Cities battle against a flood of Chinese real estate investors

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Cities battle against a flood of Chinese real estate investors

http://realtybiznews.com/cities-battle-against-a-flood-of-chinese-real-estate-investors/98748840/

Chinese investors snapped up around $100 billion worth of property around the world in 2016. While most countries normally like to encourage this kind of investment, some are saying they need to put some checks on the strength of foreign investor’s purchasing power in order to prevent real estate bubbles, the Wall Street Journal reports.

Back in 2010, Chinese buyers purchased just $5 billion worth of international property, the Journal noted. However, rising prices for both commercial and residential real estate in cities such as Sydney, Toronto and Vancouver are helping to spark a frenzy among buyers.

Officials from Australia and Canada told the Journal they’re growing increasingly concerned about the rising level of foreign investment, saying it could lead to price bubbles that threaten regional economies. In Vancouver, officials say home prices grew at a rate of 30 percent per month compared to the year before. In order to stem that growth, the city imposed a 15 percent tax on foreign buyers, increasing this to 20 percent last February. In turn that pushed more buyers to Toronto, which responded by introducing its own 15 percent tax on foreign buyers in April 2017.

Meanwhile in British Columbia, officials introduced measures aimed at deterring the resale of condominiums before construction has been completed, and also discouraging the flipping of condos that are yet to be occupied. Victoria, the capital city of British Columbia, has seen exceptionally high demand from Chinese buyers, witnessing a 29 percent spike in sales of one-million-dollar plus homes. According to Christie’s International Real Estate, Victoria was the world’s hottest new housing market in 2017, with the price of single-family homes there soaring to $570,000.

“Victoria is experiencing the same rapid growth in housing prices and sales volumes that have strengthened Toronto and Vancouver in recent years,” according to the Christie’s International survey. “If Toronto and Vancouver can be a measure, it is likely Victoria will continue to perform well despite [new] regulations” that target foreign buyers.

In the U.S., Chinese investors also make up the biggest segment of foreign buyers. They spent a whopping $31.7 billion on residential homes in the U.S. between April 2016 and March 2017, according to data from the National Association of Realtors. Chinese investors also dominate foreign investment in Australia’s residential sector, buying around one third of that nation’s available plots, worth some $1.5 billion, in the last year.

Jon Ellis, chief executive officer at Investorist, told the Journal that Chinese buyers are an “unstoppable juggernaut”.

Over in China, the Beijing government has introduced its own measures aimed at preventing capital from leaving the country. New rules state that Chinese citizens can only exchange local currency worth a maximum of $50,000 per year, but loopholes still exist that allow many investors to get around these limits.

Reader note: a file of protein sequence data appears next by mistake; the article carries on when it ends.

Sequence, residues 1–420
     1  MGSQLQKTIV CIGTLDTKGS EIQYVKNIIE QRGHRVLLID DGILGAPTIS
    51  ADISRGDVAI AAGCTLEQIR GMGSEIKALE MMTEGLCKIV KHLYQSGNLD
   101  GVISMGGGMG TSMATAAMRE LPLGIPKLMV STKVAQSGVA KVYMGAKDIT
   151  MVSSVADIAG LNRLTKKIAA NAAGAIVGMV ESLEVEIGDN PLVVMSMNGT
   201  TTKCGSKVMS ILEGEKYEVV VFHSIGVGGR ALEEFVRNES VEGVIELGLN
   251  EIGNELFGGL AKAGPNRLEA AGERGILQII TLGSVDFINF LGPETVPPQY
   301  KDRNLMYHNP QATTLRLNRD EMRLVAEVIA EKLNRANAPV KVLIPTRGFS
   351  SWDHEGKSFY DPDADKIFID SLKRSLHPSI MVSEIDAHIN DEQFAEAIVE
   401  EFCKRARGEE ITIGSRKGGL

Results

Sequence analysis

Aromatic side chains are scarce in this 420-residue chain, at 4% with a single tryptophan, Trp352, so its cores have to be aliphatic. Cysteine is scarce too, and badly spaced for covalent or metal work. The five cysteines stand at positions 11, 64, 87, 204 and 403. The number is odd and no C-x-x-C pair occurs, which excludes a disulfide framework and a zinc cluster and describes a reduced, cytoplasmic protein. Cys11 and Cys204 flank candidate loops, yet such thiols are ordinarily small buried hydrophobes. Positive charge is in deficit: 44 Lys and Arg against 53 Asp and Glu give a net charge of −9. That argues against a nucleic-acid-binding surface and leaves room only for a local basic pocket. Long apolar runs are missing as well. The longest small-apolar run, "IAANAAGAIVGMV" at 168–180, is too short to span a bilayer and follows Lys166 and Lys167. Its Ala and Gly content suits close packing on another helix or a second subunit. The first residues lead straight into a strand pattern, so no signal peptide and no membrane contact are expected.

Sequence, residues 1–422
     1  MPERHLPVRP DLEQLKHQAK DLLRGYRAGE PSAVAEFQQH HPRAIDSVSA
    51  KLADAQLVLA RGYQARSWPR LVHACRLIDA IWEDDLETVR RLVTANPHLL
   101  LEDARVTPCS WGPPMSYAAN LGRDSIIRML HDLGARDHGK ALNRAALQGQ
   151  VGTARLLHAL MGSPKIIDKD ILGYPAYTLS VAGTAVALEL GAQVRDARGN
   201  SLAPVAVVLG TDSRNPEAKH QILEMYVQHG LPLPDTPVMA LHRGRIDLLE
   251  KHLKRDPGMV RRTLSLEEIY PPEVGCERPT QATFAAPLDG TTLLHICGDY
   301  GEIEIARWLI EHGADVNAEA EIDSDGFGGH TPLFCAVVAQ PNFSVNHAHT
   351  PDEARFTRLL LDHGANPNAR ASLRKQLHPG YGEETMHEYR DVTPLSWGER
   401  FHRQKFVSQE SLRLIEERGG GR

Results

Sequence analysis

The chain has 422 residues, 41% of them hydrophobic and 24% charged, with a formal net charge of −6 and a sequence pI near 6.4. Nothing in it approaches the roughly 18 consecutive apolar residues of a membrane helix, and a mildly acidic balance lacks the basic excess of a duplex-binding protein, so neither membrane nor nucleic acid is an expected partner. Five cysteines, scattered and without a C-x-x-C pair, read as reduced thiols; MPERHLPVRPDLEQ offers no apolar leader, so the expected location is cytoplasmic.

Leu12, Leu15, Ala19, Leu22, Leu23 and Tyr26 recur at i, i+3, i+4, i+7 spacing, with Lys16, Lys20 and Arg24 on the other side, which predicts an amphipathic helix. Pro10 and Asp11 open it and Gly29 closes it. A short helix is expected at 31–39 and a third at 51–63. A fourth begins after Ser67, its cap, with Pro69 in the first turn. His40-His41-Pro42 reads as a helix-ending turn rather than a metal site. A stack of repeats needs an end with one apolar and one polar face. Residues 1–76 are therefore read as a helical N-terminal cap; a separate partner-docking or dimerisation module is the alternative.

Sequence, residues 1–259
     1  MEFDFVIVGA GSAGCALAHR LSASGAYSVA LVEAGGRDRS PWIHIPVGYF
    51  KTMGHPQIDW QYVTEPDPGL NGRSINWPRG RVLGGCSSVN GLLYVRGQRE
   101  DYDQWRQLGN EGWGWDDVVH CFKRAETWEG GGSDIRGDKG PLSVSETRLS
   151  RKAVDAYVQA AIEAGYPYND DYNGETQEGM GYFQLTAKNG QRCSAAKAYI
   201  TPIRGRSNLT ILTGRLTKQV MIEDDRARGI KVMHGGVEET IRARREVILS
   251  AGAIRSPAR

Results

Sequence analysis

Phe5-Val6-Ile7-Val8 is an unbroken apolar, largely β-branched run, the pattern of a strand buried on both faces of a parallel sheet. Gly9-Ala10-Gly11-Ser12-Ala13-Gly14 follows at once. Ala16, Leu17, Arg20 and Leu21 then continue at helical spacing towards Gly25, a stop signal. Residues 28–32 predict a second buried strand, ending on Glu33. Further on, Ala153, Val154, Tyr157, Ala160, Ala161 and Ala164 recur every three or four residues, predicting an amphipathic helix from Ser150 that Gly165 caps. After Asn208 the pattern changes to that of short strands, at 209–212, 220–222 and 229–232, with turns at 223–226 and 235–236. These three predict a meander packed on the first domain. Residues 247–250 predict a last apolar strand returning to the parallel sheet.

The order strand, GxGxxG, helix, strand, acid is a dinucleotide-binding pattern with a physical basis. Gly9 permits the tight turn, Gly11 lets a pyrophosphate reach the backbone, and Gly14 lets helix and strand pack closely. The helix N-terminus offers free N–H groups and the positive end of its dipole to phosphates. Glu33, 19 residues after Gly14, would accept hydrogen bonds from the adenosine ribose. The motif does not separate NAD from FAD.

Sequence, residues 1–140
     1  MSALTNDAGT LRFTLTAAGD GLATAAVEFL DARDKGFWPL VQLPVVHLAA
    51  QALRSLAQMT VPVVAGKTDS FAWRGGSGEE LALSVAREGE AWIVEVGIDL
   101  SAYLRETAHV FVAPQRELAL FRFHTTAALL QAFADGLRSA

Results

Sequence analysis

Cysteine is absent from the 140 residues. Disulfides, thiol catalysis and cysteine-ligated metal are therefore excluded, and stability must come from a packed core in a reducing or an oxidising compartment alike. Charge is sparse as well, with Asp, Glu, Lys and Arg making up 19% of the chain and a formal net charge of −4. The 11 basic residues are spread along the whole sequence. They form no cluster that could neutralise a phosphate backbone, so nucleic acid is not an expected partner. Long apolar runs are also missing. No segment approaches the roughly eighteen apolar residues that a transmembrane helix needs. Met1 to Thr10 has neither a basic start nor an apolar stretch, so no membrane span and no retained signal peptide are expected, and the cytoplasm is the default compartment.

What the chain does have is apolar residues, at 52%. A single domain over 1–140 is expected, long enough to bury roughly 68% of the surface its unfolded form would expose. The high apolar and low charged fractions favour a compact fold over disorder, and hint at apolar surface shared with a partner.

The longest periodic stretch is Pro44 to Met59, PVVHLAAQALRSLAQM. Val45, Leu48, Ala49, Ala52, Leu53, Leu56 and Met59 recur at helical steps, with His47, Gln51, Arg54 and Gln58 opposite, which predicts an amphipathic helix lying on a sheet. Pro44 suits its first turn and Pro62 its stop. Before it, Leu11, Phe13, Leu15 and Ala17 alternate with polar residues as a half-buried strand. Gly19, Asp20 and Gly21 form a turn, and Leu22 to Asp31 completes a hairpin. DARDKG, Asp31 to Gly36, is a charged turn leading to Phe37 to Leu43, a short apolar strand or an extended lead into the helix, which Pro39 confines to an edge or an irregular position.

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Ruin Your Marriage With These 8 Money Mistakes

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https://www.iam1percent.com/ruin-your-marriage-with-these-8-money-mistakes/

The leading cause of divorce in America isn’t infidelity, but money troubles. It’s not necessarily being in trouble financially, but rather arguments about spending and saving (or lack thereof). In this post I’ll discuss the most common mistakes young couples…
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Cities consider subsidized housing to appease teachers

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Cities consider subsidized housing to appease teachers

http://realtybiznews.com/cities-consider-subsidized-housing-to-appease-teachers/98748843/

Teachers across the U.S. are increasingly relying on strike action as they fight against low salaries that make it difficult for them to pay the rent or buy a home. Now, cities are attempting to respond with subsidized housing for educators, with projects under way in places like Chicago, Los Angeles and Santa Clara, and more being considered in Miami and San Francisco.

“Providing subsidies and housing is a smart incentive,” Sandi Jacobs, a principal at EducationCounsel, an education consulting group, told realtor.com. “There are certain metro areas where home prices … are so high compared to the average teacher’s salary. So it means teachers may have to live a significant distance from the school they’re teaching in, or they live with five roommates to afford their rent.”

Data from the Bureau of Labor Statistics shows that the average elementary school teacher’s salary is $57,100 per year, while high school teachers rake in an average of $59,170 annually. However, in areas that have seen teacher strikes these salaries are often much lower – for example, in Oklahoma, elementary school teachers make an average of just $40.053 per year, while those in Arizona fare little better with just $44,200 per year.